Election worker suing Rudy Giuliani to testify Tuesday in defamation trial against him

A former Georgia election worker will testify Tuesday in a trial to determine how much Rudy Giuliani will have to pay her and her mother after he was found liable for defaming them with baseless claims that they committed fraud in the 2020 election.

Wandrea “Shaye” Moss will take the stand as the fourth plaintiffs’ witness in the case. She and her mother, Ruby Freeman, sued Giuliani over the bogus claims, which they say turned their lives upside down.

Giuliani, the former New York City mayor, former federal prosecutor and Donald Trump ally, was found to have defamed the two women, including by falsely claiming they were handing around what he alleged were USB drives “like they were vials of heroin or cocaine” while the vote count was being taken. But in reality, they were exchanging a ginger mint.

Attorneys for the election workers asked U.S. District Judge Beryl Howell on Monday night to block Giuliani from saying anything that would violate court orders after he again said his baseless claims of fraud were true following opening statements earlier in the day.

The judge in the case found Giuliani “civilly liable on plaintiffs’ defamation, intentional infliction of emotional distress, civil conspiracy, and punitive damage claims” because of his “willful discovery misconduct” and his purposeful “shirking of his discovery obligations.”

Giuliani conceded in a court filing in July that he had made “false” statements about Freeman and Moss.

In opening statements Monday, one of Freeman and Moss’ attorneys, Michael Gottlieb, told jurors that Freeman and Moss received an “overwhelming” amount of “vile, racist, hateful comments” that were “fueled” by Giuliani and his co-conspirators. For a staggering number of Americans, their names have become synonymous with crime and fraud, Gottlieb said.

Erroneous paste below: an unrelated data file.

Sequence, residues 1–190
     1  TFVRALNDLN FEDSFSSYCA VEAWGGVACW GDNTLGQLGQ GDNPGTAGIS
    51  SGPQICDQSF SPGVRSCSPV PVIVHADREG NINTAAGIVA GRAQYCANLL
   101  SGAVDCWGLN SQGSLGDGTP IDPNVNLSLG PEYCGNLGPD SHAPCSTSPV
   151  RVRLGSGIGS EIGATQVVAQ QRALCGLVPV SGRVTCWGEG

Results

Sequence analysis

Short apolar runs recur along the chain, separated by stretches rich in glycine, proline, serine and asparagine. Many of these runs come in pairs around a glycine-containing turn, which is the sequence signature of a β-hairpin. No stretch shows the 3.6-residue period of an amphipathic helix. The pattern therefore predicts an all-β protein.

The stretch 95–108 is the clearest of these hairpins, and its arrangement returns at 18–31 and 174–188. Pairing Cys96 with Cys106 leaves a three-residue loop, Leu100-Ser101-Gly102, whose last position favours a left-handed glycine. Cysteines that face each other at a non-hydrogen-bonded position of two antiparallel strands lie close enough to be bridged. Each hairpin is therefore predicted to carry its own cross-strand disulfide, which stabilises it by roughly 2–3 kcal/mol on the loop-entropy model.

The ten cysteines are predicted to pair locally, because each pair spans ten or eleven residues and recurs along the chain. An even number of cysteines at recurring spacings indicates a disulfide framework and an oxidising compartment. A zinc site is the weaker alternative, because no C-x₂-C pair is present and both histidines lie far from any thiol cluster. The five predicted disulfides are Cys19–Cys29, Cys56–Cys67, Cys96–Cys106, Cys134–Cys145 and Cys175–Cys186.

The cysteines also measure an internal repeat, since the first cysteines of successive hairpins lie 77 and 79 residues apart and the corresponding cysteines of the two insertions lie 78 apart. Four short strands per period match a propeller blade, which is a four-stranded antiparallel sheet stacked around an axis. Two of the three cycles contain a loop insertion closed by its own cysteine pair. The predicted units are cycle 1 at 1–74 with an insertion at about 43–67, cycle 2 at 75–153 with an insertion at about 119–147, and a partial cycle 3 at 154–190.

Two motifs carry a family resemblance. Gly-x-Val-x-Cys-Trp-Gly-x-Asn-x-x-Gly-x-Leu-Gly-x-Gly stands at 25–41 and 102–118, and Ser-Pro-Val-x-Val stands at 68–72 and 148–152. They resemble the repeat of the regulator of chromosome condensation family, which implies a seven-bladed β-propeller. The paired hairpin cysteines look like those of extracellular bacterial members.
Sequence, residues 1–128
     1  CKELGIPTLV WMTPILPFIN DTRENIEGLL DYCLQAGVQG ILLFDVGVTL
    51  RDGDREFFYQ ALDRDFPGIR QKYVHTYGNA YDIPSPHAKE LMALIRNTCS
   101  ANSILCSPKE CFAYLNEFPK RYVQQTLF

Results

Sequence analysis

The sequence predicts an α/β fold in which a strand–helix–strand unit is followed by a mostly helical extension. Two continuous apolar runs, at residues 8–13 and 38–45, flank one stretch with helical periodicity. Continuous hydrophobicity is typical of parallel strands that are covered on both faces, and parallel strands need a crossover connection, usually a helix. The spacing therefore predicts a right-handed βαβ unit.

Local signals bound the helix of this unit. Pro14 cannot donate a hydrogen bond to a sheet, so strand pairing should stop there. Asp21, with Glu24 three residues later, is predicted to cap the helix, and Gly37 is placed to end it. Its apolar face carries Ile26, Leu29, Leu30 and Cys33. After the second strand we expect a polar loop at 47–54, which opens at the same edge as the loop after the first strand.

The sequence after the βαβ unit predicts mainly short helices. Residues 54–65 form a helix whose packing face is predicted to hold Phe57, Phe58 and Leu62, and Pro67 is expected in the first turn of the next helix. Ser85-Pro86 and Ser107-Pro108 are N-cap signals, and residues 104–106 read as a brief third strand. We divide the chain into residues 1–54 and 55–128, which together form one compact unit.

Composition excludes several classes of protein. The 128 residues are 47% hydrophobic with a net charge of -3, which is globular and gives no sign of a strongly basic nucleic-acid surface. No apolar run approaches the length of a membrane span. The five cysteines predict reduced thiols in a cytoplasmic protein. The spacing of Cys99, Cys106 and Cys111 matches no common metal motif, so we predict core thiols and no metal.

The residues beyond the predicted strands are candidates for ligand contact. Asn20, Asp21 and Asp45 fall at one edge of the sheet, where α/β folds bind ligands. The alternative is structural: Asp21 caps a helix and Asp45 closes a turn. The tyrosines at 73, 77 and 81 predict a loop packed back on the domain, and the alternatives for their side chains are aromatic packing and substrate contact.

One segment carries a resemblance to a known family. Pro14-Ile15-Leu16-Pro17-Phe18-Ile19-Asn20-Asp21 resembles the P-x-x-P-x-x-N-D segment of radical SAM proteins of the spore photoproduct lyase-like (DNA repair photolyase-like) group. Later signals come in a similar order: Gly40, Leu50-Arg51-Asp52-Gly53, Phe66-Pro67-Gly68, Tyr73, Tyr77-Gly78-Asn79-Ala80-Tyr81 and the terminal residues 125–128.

Von DuBose, Gottlieb’s co-counsel, said the pair will testify and “will explain as best they can what it’s like to have their lives hijacked in an instant, through no fault of their own.”  

In remarks to reporters outside the courthouse Monday, Giuliani said he did not regret his lies and claimed he “told the truth” about Freeman and Moss.

“When I testify, you’ll get the whole story, and it will be definitively clear what I said was true,” he said.

Giuliani’s comments contrast with those of his attorney Joseph Sibley, who said in opening remarks that there’s no question that Freeman and Moss were harmed and tare “good people,” but that the “punishment must match the crime.” He maintained that Giuliani never promoted racism or violence and that the millions of dollars Freeman and Moss are seeking would be the “civil equivalent of the death penalty.”

“It would be the end of Mr. Giuliani,” Sibley added.

The judge found Giuliani liable for damages this year after he repeatedly defied court orders to turn over evidence in the case to the pair.

“Just as taking shortcuts to win an election carries risks — even potential criminal liability — bypassing the discovery process carries serious sanctions,” Howell ruled in August.

Eight jurors were selected Monday. Potential jurors were asked questions such as whether they believe Joe Biden’s election was illegitimate and whether they have ever used a slogan associated with QAnon conspiracy theorists.

Freeman and Moss’ lawyers have said their testimonies will discuss the “threats, harassment, and harm” they experienced as a result of the false claims. The mother and daughter “will explain as best they can what it’s like to have their lives hijacked in an instant, through no fault of their own,” DuBose told the jury.